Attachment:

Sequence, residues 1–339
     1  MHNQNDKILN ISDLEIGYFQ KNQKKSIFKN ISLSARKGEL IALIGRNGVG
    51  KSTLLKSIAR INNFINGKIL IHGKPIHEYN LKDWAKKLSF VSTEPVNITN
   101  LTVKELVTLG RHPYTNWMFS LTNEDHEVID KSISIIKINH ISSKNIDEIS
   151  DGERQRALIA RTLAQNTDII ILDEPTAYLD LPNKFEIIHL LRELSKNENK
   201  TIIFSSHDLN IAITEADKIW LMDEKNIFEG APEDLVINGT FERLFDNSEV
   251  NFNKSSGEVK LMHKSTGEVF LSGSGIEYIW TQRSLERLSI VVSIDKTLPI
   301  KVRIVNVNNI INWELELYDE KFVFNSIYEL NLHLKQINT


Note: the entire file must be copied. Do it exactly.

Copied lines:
Sequence, residues 1–339
     1  MHNQNDKILN ISDLEIGYFQ KNQKKSIFKN ISLSARKGEL IALIGRNGVG
    51  KSTLLKSIAR INNFINGKIL IHGKPIHEYN LKDWAKKLSF VSTEPVNITN
   101  LTVKELVTLG RHPYTNWMFS LTNEDHEVID KSISIIKINH ISSKNIDEIS
   151  DGERQRALIA RTLAQNTDII ILDEPTAYLD LPNKFEIIHL LRELSKNENK
   201  TIIFSSHDLN IAITEADKIW LMDEKNIFEG APEDLVINGT FERLFDNSEV
   251  NFNKSSGEVK LMHKSTGEVF LSGSGIEYIW TQRSLERLSI VVSIDKTLPI
   301  KVRIVNVNNI INWELELYDE KFVFNSIYEL NLHLKQINT